Cast of Wonders 389: Luchadora


Luchadora

by Melissa Mead

When Alejandra was nine, her mother died of dehydration. When she was ten, Alejandra made her father bring her to the Luchadores’ barracks. The three ancient wizards who would choose the boy who would become the next Luchador weren’t pleased. They almost sent Alejandra’s father to the hellstone mines, where men died with their limbs charred black. Then Alejandra marched up to the eldest of the Magos, the one in flame-red silk, and demanded that he make the bull-man stop waking her up at night. The other two Magos, in silk as gold as the sun and as blue as the sky, gasped. The first wizard scowled.

“What do you mean, child?”

“The bull with the man-face. He came when Mama died. He comes in the dark, and whispers to me.”

The old man’s caterpillar brows pinched together over his nose. “What does he say?”

“I don’t know. He sounds too far away. Then he breathes cold breath on me.”

“What do you do then?”

“This.” Alejandra thrust out both arms and splayed her fingers in a star pattern. “Then he gets angry and goes away. But he always comes back. Papa says this is where the Luchadores learn to fight him. I want to be one.”

The old wizards conferred in low, angry voices. Alejandra’s father twisted his hands together as though he could already feel them burning. At last, the old man came in red returned to Alejandra.

“Did your father tell you that if you lived here you would wear silk and eat meat every day? That we would give him water-rights?”

“No. He didn’t want to come here. He said little girls shouldn’t bother the Magos. But the bull-man won’t leave me alone.”

The oldest of the Magos turned to Alejandra’s father. “You are a widower?”

“Yes, Learned One.”

“What have you told this girl?”

“Nothing! Nothing but that the Luchadores and your worthy selves have protected us from El Toro for generations.”

“True. We have no time to raise the daughters of widowers who wish to be rid of their burden.”

Alejandra’s father paled beneath his coating of road-dust. “Great One, I assure you…”

“Enough.” He turned back to Alejandra. “Child, we can teach you to fight this bull-man,” he said. “If you defeat him, he will be too weak to return for twenty years.”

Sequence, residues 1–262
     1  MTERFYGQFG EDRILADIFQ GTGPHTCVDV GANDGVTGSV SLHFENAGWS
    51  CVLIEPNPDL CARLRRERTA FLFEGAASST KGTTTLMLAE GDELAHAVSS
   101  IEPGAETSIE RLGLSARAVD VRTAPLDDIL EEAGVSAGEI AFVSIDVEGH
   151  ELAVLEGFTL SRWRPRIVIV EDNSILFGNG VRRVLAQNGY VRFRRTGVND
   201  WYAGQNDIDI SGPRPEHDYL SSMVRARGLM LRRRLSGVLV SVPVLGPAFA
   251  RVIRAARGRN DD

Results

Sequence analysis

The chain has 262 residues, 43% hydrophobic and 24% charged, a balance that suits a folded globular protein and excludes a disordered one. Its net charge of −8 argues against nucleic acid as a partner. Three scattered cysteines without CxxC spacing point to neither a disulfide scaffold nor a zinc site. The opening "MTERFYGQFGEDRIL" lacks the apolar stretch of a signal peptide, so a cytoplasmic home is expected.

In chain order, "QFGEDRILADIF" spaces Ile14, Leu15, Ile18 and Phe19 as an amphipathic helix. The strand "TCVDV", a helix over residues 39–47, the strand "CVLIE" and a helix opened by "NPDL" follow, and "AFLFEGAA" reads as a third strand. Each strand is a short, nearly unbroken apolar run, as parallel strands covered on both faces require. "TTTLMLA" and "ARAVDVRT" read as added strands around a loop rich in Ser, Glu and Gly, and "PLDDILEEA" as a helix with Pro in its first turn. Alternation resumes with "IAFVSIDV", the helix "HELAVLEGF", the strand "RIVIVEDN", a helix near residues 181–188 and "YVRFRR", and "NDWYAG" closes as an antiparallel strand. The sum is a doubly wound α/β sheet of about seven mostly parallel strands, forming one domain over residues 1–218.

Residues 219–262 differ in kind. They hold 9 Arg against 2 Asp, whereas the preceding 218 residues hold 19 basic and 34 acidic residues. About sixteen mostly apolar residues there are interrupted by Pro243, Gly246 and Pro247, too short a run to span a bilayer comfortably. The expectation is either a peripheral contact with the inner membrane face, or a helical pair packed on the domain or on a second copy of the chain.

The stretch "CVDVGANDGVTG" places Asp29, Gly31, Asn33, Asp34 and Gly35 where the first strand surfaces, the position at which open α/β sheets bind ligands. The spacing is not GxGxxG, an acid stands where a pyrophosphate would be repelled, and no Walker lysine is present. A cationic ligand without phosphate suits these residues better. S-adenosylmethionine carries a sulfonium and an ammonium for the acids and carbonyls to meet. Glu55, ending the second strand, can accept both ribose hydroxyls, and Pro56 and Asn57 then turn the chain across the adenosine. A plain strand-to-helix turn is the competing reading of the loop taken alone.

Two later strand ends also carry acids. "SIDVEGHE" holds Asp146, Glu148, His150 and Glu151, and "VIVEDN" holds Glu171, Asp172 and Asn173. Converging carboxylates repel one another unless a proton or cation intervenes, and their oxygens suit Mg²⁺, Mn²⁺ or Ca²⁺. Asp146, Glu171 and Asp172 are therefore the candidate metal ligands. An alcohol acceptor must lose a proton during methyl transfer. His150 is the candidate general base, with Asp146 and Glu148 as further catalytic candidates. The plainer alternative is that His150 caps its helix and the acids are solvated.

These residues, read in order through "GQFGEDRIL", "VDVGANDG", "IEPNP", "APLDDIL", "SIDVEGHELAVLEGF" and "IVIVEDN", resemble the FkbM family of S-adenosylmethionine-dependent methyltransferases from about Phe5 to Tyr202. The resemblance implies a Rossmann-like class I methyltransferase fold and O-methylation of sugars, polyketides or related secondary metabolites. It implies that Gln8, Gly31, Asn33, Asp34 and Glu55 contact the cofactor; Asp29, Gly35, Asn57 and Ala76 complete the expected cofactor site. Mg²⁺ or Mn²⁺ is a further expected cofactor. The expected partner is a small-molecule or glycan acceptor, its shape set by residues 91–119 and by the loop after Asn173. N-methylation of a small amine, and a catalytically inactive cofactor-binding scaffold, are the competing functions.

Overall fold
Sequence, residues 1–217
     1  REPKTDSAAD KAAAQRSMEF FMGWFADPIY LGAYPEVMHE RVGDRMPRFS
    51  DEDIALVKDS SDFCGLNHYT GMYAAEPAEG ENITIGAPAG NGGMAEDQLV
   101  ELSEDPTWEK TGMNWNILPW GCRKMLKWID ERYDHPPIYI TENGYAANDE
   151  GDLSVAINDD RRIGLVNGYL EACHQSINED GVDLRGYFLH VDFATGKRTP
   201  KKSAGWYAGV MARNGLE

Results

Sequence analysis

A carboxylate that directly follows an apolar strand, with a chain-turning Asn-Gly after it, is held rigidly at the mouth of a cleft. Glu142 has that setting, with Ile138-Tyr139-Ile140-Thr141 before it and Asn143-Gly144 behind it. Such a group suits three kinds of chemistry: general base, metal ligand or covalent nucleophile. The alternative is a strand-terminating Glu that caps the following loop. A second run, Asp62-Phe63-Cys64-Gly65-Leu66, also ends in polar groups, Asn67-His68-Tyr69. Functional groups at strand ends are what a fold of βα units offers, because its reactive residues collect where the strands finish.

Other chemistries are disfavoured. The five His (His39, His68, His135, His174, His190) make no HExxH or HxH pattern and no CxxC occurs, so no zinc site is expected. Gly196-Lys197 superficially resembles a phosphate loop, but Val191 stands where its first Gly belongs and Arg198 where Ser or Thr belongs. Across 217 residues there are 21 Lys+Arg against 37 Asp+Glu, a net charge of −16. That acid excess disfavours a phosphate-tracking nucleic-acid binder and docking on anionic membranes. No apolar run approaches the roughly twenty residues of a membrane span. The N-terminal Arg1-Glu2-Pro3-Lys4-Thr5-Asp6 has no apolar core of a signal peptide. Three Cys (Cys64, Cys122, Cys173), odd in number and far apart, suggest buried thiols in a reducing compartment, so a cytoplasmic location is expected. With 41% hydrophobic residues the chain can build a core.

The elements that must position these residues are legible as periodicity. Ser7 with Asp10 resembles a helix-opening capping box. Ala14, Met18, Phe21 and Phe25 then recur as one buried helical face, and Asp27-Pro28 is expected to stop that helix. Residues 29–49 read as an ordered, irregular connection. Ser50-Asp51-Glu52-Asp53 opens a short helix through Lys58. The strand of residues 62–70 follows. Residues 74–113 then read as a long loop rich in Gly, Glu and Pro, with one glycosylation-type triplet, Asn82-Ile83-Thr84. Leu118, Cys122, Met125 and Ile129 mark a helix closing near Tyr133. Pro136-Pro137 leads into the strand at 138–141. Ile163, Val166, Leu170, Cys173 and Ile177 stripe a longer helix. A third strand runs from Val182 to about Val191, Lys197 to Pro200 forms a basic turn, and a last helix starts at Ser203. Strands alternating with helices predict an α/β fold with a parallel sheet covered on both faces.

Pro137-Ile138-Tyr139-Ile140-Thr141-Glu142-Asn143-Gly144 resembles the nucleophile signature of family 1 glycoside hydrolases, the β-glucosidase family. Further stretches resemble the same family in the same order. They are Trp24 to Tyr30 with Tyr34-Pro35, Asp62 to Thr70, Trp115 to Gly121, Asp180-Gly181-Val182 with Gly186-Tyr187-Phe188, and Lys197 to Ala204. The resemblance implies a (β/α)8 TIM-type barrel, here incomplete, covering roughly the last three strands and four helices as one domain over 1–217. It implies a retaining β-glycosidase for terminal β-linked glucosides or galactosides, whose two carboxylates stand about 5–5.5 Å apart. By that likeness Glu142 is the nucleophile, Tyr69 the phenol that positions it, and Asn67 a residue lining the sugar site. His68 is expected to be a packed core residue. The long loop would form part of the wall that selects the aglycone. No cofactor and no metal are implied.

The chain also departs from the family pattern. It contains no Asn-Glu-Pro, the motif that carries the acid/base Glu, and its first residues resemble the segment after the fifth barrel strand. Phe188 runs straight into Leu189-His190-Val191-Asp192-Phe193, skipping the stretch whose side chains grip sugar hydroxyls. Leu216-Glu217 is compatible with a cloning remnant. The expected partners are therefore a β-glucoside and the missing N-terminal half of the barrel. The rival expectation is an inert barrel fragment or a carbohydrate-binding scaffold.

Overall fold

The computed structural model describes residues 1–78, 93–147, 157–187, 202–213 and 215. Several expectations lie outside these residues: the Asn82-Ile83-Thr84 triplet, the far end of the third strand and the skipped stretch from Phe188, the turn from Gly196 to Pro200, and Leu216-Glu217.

“I know. Mama said the bull-man came just before I was born, and that he’ll come back when I’m old enough to get married. She used to tell me about how the first Luchadores drove El Toro back with spells and swords and burning stones, back when there was more water and everybody had flowers in their gardens.”

“Infants’ stories. This is not a story, girl! Many boys have come here, hoping to become El Luchador. Most of them quit in disgrace. Some died. No girl has ever tried this. If we keep you, you must do what we tell you and never cry, never complain. Do you understand?”

“Yes.”

“Then come with me.”

“I want Papa to come too.”

The old man frowned. “No. Come with me now, or go home.”

Papa squeezed Alejandra’s shoulders. His hands were wet with sweat, damp through the thin fabric of her dress. Alejandra understood. If she relented now, the Magos would think that her father had brought her here to mock them. She turned and hugged him goodbye. Then she followed the old man with the caterpillar eyebrows.

The old man led Alejandra through a courtyard. The grass here had a touch of green in it and the trees held a few limp leaves. Alejandra realized that this was the first greenery she’d seen in a long time. She hadn’t seen anything so pretty since she was little, when her mother used to sew leaves and vines onto her smocks. She wanted to linger, to touch the living plants, but the old man strode on without waiting for her. He led Alejandra past rooms lined with benches to a tiny cubbyhole.

“You’ll sleep there. Stay out of the boys’ dormitory.”

“It’s full of brooms and buckets,” said Alejandra.

“You will address me as El Primero.”

“It’s full of brooms and buckets, El Primero.”

The eldest of the Magos scowled. “Then put them to good use.”

“When will I learn to fight El Toro, El Primero?”

“Are you complaining?” His voice implied that he could still have Alejandra’s father sent to the mines any time he liked. Alejandra shook her head. As soon as the old wizard was out of sight she cleared a niche for herself among the supplies, picked up a rag and a wooden bucket, and set off to explore the barracks.

The corridors were full of boys in fine blue and gold jackets. Some gave Alejandra odd looks, but no one bothered her once they saw the bucket in her hand. She found a pump in the courtyard and gave some water to the tired-looking trees. At home, Papa always saved the wash water for their onions and beans. She’d never known anyone who had their own pump. That impressed her more than silk robes.

“Hey, girl! What are you doing?”

Alejandra turned. A boy, a couple of years her elder from his looks, stood watching her with an expression of amused exasperation.